Beyond Please & Thank You
What is the real meaning of social language?
The Ins and Outs of Social Language
By Lori Savage Grayson, MMSc, CCC-SLP
Can we talk? Well, maybe…depends who you are talking to, I mean with. YES, that’s right, with.
You may have noticed how some children speak clearly and may even use complex sentences with correct grammar, but miss the mark when it comes to communicating with those around them. In other words, they are not following the rules of social language, also called pragmatics.
As a parent, you may be thinking about autism as you read this article on social language since children with autism often experience challenges in this area. While this is true, it is important to remember that not all children with pragmatic language problems have autism.
Briefly, social communication is comprised of social interaction, social cognition, and social language. As expected, none of these areas stands alone. Instead, they are interwoven and closely related in the development of a child’s ability to relate, interact and communicate with the world around them.
Social language involves three major communication skills and comes into play from the moment we wake until we go to sleep. To be successful a child must understand and use these rules to “switch gears” throughout the day by:
- Using language for different purposes, e.g., greeting hello/goodbye, informing, demanding, promising and requesting;
- Changing language based on the listener or situation, e.g., talking differently to a peer or adult, knowing how much information to share with familiar and unfamiliar people, and using the appropriate speaking voice inside vs. outside;
- Following rules for conversation/storytelling, e.g., taking turns in conversation, introducing & staying on topic, rephrasing to clarify and using verbal & nonverbal communication signals such as, eye contact, appropriate physical distance to others, gestures, and facial expressions.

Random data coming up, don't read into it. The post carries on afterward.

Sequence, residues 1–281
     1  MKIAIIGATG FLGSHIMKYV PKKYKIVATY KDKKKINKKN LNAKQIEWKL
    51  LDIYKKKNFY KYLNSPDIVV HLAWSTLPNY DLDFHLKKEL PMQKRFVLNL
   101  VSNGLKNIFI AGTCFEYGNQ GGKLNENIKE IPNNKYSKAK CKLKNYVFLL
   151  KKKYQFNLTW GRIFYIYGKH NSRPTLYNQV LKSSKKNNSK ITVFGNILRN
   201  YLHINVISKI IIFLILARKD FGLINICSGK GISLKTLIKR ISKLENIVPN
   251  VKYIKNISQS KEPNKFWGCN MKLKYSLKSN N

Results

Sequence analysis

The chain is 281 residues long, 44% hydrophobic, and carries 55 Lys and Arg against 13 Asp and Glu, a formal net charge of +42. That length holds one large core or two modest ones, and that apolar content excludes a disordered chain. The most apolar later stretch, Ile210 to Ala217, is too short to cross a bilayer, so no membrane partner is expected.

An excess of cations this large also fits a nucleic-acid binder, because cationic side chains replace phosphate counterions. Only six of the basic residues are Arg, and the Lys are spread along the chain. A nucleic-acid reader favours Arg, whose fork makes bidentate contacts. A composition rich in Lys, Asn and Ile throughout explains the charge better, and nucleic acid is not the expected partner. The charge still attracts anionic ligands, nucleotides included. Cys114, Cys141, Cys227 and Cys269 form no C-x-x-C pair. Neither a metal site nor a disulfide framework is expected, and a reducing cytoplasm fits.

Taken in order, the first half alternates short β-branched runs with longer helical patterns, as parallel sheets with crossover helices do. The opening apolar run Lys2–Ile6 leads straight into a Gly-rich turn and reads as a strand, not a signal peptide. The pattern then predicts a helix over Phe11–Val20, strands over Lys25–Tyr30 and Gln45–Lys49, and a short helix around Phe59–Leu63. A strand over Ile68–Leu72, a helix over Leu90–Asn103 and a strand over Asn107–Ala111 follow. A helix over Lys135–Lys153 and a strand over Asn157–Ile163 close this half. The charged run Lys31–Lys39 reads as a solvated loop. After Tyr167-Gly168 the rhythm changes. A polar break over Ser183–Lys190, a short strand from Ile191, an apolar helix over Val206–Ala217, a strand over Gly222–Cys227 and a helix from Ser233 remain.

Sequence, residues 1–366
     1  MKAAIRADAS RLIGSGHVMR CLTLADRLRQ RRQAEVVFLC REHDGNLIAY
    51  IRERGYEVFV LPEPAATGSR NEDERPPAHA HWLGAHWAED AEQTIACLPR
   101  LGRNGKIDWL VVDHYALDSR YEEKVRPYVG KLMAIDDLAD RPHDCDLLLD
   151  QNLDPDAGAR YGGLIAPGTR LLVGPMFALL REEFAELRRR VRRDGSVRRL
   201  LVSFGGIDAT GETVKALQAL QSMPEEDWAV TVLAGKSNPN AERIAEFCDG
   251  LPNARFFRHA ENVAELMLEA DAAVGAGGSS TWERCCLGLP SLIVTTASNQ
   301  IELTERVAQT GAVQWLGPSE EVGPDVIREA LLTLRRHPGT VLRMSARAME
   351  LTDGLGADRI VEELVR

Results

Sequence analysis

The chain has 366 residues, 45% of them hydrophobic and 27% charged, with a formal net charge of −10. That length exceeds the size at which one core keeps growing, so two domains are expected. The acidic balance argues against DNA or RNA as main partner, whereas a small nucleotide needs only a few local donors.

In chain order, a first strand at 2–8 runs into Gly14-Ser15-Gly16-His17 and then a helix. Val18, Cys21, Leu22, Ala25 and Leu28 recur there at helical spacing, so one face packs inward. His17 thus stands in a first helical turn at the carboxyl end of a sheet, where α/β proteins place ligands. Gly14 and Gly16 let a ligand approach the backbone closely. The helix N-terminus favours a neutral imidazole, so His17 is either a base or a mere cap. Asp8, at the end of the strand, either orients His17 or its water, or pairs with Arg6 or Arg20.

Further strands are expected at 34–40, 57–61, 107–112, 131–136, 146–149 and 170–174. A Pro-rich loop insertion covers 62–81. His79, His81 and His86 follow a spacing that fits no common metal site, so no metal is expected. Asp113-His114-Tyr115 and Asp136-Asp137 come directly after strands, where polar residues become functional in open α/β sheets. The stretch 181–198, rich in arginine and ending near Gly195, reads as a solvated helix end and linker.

Remember, the rules governing social language vary based on many factors including the listener’s culture, age, familiarity with the speaker, and the setting of the social interaction. Should a child miss any of these factors, infractions typically occur.
As a result, a child who has difficulty recognizing and following social language rules will be less efficient and less effective as a communicator, often wondering why others appear annoyed, confused, or leave their conversation, and subsequently may feel rejected or excluded by peers.
Surely you can think of a child who insists on telling a lengthy story without ever taking a breath. Each story is filled with details beyond your wildest dreams and seems to go on forever. But, this same child may not be able to pause and engage in a turn-taking conversation. While you, as an adult, will indulge this “talkative” child, peers will not.
Parents are always sharing stories about that embarrassing moment when their child in an all too loud voice and in an all too public setting, let’s say the grocery store, uttered an all too inappropriate comment about another person standing nearby. Said parent then attempts to discreetly disappear by turning a corner down another aisle. Of course, as a parent, you will use this as a “teachable moment”.
Experiencing difficulty with social language is bound to occur as children learn the rules, but this should be infrequent and align with your child’s age, decreasing with maturation.
However, a pragmatic language problem may be present if:
- Challenges occur often, with no improvement even with teaching & maturation;
- Your child’s language seems disorganized, limited in variety or lacks flexibility;
- S/he just doesn’t seem to “get” the gist of what your or others are saying; or
- Your child’s responses consist of ideas unrelated to the conversational topic.
The GOOD news is that difficulties with social communication, including pragmatics, can be evaluated and diagnosed. The BETTER news is that Speech-Language Pathology (SLP) intervention can be implemented. And, the BEST news is that these SLP services yield positive changes leading to improvements in a child’s social engagement and peer relations!
NOTE: For this article, children are the focus, however, anyone can experience challenges with social communication skills.
For more information, contact us!
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